We then rode the train to the last stop on the line, Jingtong. Jingtong is a similar small mining town, and it also has an Old Street with traditional shops and restaurants. It is actually very small, and there was not too much to do there. One attraction, the historic Japanese-style train station, was actually under renovation. We did not have the best timing on this trip!

We relaxed at a nice viewing platform, decorated with these hanging wooden charms.

There is a very cute cafe called Farmers Coffee at this platform, and they sell various types of thick toast with spread as well as specialty lattes. I had to try their sea salt latte. The sea salt is blended into the foam, and somehow gives the latte an almost chocolatey taste. It was delicious!

We sat at the benches that overlooked the gorgeous valley below. The red bridge that transverses the valley is called Lover's Bridge.

Jingtong is actually not too far from Pingxi, the namesake of the line. We walked about half an hour back along the tracks to Pingxi. Unfortunately I forgot to take photos at Pingxi. It's a town with a similar atmosphere, though the Old Street at Pingxi is a bit bigger and there were more businesses than Shifen or Jingtong.

We unfortunately had to skip the last major destination on this train line, called Houtong. Houtong is "Cat Town," because it is known for all the stray cats wandering around the streets in a surreal, Murakami-like scene. We left the area around 5PM, and got to Taipei in time for dinner.

Pingxi Railway Line isn't a must-see destination if you are only in Taiwan for a few days, but I think it's worth a visit for a longer stay, especially if you want a glimpse of an older, more traditional lifestyle. There are also several mining and coal museums if you have an interest in that area.

Sunday, December 21, 2014

Bukchon Hanok Village


The Bukchon area is a must-see if you are in Seoul. This is a traditional Hanok residential neighborhood, very much still lived-in, with lovely architecture, winding alleyways, surrounded by boutique shops and cafes. It's near the Anguk MRT station, and within walking distance of the major palaces.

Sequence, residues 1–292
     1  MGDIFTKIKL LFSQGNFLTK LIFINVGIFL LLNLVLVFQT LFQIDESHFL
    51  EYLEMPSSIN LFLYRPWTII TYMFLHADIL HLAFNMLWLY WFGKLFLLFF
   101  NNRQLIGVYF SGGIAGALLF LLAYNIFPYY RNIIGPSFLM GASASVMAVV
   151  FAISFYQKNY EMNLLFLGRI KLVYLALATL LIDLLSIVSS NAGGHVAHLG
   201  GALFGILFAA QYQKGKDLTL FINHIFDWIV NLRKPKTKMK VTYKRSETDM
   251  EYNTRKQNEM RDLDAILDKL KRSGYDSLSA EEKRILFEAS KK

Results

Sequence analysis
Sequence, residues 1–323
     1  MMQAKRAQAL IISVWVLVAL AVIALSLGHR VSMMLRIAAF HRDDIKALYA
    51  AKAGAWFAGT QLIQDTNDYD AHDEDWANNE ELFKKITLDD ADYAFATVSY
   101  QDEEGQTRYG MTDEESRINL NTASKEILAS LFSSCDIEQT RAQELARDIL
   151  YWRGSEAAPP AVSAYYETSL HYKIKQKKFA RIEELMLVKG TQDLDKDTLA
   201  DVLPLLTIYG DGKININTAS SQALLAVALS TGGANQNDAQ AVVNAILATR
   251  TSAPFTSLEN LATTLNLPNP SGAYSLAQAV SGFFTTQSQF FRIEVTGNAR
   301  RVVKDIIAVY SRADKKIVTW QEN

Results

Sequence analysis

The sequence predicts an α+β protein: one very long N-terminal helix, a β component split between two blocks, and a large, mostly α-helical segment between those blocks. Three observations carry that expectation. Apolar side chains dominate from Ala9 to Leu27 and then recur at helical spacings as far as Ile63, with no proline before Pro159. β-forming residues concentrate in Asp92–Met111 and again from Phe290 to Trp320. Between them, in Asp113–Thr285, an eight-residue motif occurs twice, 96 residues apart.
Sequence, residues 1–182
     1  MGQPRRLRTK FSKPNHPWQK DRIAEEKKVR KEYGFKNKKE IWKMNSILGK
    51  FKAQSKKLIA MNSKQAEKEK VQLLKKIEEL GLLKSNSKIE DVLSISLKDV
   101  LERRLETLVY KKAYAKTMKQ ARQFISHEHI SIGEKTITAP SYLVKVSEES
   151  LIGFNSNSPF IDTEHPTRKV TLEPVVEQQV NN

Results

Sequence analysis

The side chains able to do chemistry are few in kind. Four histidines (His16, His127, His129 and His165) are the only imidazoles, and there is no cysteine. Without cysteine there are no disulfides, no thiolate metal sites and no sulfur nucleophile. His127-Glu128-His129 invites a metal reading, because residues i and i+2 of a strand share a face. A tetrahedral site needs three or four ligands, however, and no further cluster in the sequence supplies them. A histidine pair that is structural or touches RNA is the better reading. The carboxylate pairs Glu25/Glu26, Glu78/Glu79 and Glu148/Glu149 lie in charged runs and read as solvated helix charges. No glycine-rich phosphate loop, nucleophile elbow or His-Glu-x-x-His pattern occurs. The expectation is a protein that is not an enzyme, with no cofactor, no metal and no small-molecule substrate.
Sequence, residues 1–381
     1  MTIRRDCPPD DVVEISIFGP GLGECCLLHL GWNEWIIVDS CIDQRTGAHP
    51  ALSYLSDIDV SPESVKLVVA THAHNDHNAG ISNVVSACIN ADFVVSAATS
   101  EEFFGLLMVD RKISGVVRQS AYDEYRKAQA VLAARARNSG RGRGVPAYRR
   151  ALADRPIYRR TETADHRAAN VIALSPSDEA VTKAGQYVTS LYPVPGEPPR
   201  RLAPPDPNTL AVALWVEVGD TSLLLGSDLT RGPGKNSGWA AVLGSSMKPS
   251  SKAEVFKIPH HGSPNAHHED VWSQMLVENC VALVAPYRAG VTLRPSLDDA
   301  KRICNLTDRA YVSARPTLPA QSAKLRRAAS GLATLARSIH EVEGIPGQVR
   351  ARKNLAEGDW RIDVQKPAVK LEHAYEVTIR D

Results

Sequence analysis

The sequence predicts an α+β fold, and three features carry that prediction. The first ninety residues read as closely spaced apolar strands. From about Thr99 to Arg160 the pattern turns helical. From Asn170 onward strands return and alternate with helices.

The streets surrounding the neighborhood, down below, are full of interesting shops. You can see that at several points, stairways lead upwards from the main street towards the residential area.

There was an interesting looking vintage second-hand shop, with clothing displays leading up to the store. I wish I had time to take a look; secondhand stores always hold such treasures if you are willing to do a little bit of digging. 

Each alleyway offered its own surprises; family-owned restaurants, cool cafes, hand-made gifts stores. 

Finally we climbed upwards towards the residential area, which has a 600-year-old history. There was a nice view from the top, where we could see the nearby neighborhoods and rooftops sprawled out before us, with mountains in the distance.

The Bukchon Village alleys had many signs that cautioned visitors to be respectful and quiet, as families still do live in the homes. Some of the houses, though, had been converted into cultural centers, handicraft workshops, tea houses, and guesthouses.

There is somewhat of a walking path through the neighborhood, and various tourist maps and signs will point out where you are. Depending on how fast you walk, and whether or not you stop, I'd say you could go through the entire route in thirty minutes to one hour.

Even on this cold and snowy day, there were plenty of people walking up and down the main alleys. This little girl was fascinated by the snow.


Overall, it was such a lovely walk, and a great way to spend an afternoon seeing a different perspective of Seoul, usually pictured as a throbbing metropolis.